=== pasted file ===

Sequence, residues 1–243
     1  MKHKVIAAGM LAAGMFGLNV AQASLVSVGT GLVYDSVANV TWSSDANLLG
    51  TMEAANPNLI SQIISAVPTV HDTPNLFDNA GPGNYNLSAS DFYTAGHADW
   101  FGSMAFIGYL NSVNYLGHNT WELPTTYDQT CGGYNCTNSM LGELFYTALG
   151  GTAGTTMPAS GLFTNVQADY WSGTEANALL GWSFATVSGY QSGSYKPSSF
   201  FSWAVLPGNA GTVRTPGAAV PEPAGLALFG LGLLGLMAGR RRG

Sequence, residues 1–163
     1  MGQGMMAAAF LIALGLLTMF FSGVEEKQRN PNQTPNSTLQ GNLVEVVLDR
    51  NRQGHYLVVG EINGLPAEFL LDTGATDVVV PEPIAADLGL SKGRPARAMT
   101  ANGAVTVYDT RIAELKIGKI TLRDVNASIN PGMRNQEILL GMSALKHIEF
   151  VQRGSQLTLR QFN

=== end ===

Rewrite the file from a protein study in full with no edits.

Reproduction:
Sequence, residues 1–243
     1  MKHKVIAAGM LAAGMFGLNV AQASLVSVGT GLVYDSVANV TWSSDANLLG
    51  TMEAANPNLI SQIISAVPTV HDTPNLFDNA GPGNYNLSAS DFYTAGHADW
   101  FGSMAFIGYL NSVNYLGHNT WELPTTYDQT CGGYNCTNSM LGELFYTALG
   151  GTAGTTMPAS GLFTNVQADY WSGTEANALL GWSFATVSGY QSGSYKPSSF
   201  FSWAVLPGNA GTVRTPGAAV PEPAGLALFG LGLLGLMAGR RRG

Sequence, residues 1–163
     1  MGQGMMAAAF LIALGLLTMF FSGVEEKQRN PNQTPNSTLQ GNLVEVVLDR
    51  NRQGHYLVVG EINGLPAEFL LDTGATDVVV PEPIAADLGL SKGRPARAMT
   101  ANGAVTVYDT RIAELKIGKI TLRDVNASIN PGMRNQEILL GMSALKHIEF
   151  VQRGSQLTLR QFN